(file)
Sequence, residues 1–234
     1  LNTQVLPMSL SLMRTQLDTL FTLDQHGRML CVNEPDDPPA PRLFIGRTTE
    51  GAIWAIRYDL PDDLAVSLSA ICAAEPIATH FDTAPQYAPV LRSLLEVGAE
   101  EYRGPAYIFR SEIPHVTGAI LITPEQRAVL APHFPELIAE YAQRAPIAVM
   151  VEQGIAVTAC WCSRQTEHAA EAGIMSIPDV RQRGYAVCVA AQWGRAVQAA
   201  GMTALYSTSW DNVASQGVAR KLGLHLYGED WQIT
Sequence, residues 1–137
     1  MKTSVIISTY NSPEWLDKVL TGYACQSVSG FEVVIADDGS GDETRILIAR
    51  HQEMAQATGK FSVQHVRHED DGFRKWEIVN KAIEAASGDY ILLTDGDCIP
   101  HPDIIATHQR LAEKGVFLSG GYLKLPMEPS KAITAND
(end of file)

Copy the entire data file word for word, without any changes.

Sequence, residues 1–234
     1  LNTQVLPMSL SLMRTQLDTL FTLDQHGRML CVNEPDDPPA PRLFIGRTTE
    51  GAIWAIRYDL PDDLAVSLSA ICAAEPIATH FDTAPQYAPV LRSLLEVGAE
   101  EYRGPAYIFR SEIPHVTGAI LITPEQRAVL APHFPELIAE YAQRAPIAVM
   151  VEQGIAVTAC WCSRQTEHAA EAGIMSIPDV RQRGYAVCVA AQWGRAVQAA
   201  GMTALYSTSW DNVASQGVAR KLGLHLYGED WQIT
Sequence, residues 1–137
     1  MKTSVIISTY NSPEWLDKVL TGYACQSVSG FEVVIADDGS GDETRILIAR
    51  HQEMAQATGK FSVQHVRHED DGFRKWEIVN KAIEAASGDY ILLTDGDCIP
   101  HPDIIATHQR LAEKGVFLSG GYLKLPMEPS KAITAND